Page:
The Old Dee Bridge at Chester carries the road which leads from the bottom of Lower Bridge Street to Handbridge. The Romans built the first brige crossing the Dee in this site, the present red sandstone, seven arched structure is medieval and so legend has it, was built on the orders of Edward I. Farndon Bridge also dates to the medieval period, crosses the river Dee and which separates Farndon and the village of Holt. The nearby remains of medieval Holt Castle which lie just on the Welsh-Cheshire border, date to the thirteenth century and were constructed during the Welsh Wars of King Edward I. The five-towered fortress was once known as Castrum Leonis or Castle Lyons.

Majestic Chester Cathedral a red sandstone, Grade I listed building,is one of Chester's main tourist attractions. Following the Norman Conquest, in 1093 a Benedictine monastery was established on the site by Hugh Lupus, 'the Wolf', Earl of Chester, and Ermetrude, his wife, transformed the building into a grand Benedictine monastery, assisted by Anselm, who later became Archbishop of Canterbury. The earliest surviving parts of the present structure date from that time. The first part of the cloisters to be built was the south side followed by the west, north and east sides. The final part to be constructed was the Chapter House, completed in about 1250. The abbey church, beginning with the Lady Chapel at the eastern end, was extensively rebuilt in Gothic style during the thirteenth and fourteenth centuries. The superbly carved woodwork in the quire dates from 1380.

Sir Hugh de CalvarleyNorton Priory was a priory and later an abbey, established as an Augustinian foundation by William Fitz Nigel, 2nd Baron of Halton in the twelfth century. The undercroft is all that now remains of the original buildings, (with a Victorian addition) but the foundations of the abbey and the monastery are clearly visible. The walled garden at the priory contains a medieval herb garden.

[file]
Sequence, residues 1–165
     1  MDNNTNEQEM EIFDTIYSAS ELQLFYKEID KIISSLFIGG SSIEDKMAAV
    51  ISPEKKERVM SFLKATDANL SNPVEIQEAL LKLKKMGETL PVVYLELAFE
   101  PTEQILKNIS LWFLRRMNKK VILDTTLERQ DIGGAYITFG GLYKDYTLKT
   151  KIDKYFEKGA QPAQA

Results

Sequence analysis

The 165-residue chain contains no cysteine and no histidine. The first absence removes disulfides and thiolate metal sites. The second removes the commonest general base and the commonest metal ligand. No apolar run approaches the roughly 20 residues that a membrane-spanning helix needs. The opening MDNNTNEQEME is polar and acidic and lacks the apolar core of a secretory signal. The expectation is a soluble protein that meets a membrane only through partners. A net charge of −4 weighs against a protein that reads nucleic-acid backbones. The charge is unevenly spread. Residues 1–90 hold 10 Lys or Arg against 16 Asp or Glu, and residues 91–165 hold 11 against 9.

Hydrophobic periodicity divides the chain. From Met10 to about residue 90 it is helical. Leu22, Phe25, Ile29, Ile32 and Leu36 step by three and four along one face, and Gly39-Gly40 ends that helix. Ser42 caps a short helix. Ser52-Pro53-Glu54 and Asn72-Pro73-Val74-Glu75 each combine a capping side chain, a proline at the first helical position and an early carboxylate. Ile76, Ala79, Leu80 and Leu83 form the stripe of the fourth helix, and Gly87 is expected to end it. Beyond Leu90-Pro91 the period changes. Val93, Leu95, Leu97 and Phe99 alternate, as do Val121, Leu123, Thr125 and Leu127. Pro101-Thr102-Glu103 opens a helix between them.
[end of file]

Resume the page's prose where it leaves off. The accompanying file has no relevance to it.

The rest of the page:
Ince Manor, a former monastic grange, is situated on Marsh Lane in the village of Ince. The manor, which is a Grade I scheduled monument, is one of the earliest recorded properties of the Bendictine Abbey of St Werburgh in Chester. It was given to the Abbot and monks in 1093 by Hugh Lupus, Earl of Chester, the nephew of William the Conqueror. King Edward I is known to have stayed at the manor in August, 1277.

Other examples of fine ecclesiastical medieval architecture in Cheshire include the Church of St. Mary at Astbury, one of the best churches in Cheshire . The yellow sandstone chancel is of Norman origin, whilst most of the building dates back to the fourteenth and fifteenth centuries. The millstone grit tower was constructed towards the end of the thirteenth century. The medieval canopied Venables tomb lies in the churchyard.

The red sandstone St Mary's Church at Nantwich, which is of fourteenth century origin, is know locally as the 'Cathedral of South Cheshire'. Built on the grand scale with an octagonal tower it has significant features in common with the cathedrals at Lichfield, Chester, Gloucester and Wells. Interesting features of the church's interior include the fourteenth  century lierne-vaulted ceiling of the choir, the carved stone canopies of the sedilia in the chancel, and the exquisite and intricately carved wooden canopies over the choirstalls. The church boasts twenty late fourteenth century misericords with a variety of weird and wonderful carvings.

The medieval church of St. Boniface at Bunbury, was included by Alec Clifton-Taylor in his list of 'best' English parish churches, stands above the River Gowy and was rebuilt in the decorated style in 1320, the effigy of Sir Hugh Calverley, companion-in-arms to Edwaed, the Black Prince, (pictured left) which lies in the churches chancel, is the earliest surviving alabaster effigy in Cheshire.

The church of St James and St Paul, at Marton, was founded in 1343 by local landowner Sir John de Davenport and his son Vivian and is undoubtedly one of the finest examples of the Medieval wooden church remaining in England today, architectural historian Nickolaus Pevsner referred to Marton church 'one of the architectural gems of Cheshire'. The original structure has remained untouched apart from a sympathetic Victorian restoration, when some of the windows were altered, the timbers in the tower tidied and the existing west entrance was added.

The Vernon family of Cheshire and Derbyshire